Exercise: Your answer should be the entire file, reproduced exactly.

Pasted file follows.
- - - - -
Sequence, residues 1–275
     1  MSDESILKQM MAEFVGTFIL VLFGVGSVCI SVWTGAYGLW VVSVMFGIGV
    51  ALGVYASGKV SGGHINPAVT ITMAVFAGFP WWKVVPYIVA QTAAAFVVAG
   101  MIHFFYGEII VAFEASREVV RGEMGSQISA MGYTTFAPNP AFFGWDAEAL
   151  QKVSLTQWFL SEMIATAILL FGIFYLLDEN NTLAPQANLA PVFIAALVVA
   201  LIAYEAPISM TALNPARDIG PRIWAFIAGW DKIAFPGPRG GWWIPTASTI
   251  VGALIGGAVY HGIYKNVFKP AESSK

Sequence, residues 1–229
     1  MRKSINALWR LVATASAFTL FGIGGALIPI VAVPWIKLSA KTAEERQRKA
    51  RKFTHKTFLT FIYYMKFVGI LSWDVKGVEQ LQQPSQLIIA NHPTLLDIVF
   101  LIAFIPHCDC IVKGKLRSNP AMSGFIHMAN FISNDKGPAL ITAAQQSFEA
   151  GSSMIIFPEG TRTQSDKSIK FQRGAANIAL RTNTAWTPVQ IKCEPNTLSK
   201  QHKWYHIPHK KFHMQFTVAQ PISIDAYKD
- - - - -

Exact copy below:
Sequence, residues 1–275
     1  MSDESILKQM MAEFVGTFIL VLFGVGSVCI SVWTGAYGLW VVSVMFGIGV
    51  ALGVYASGKV SGGHINPAVT ITMAVFAGFP WWKVVPYIVA QTAAAFVVAG
   101  MIHFFYGEII VAFEASREVV RGEMGSQISA MGYTTFAPNP AFFGWDAEAL
   151  QKVSLTQWFL SEMIATAILL FGIFYLLDEN NTLAPQANLA PVFIAALVVA
   201  LIAYEAPISM TALNPARDIG PRIWAFIAGW DKIAFPGPRG GWWIPTASTI
   251  VGALIGGAVY HGIYKNVFKP AESSK

Sequence, residues 1–229
     1  MRKSINALWR LVATASAFTL FGIGGALIPI VAVPWIKLSA KTAEERQRKA
    51  RKFTHKTFLT FIYYMKFVGI LSWDVKGVEQ LQQPSQLIIA NHPTLLDIVF
   101  LIAFIPHCDC IVKGKLRSNP AMSGFIHMAN FISNDKGPAL ITAAQQSFEA
   151  GSSMIIFPEG TRTQSDKSIK FQRGAANIAL RTNTAWTPVQ IKCEPNTLSK
   201  QHKWYHIPHK KFHMQFTVAQ PISIDAYKD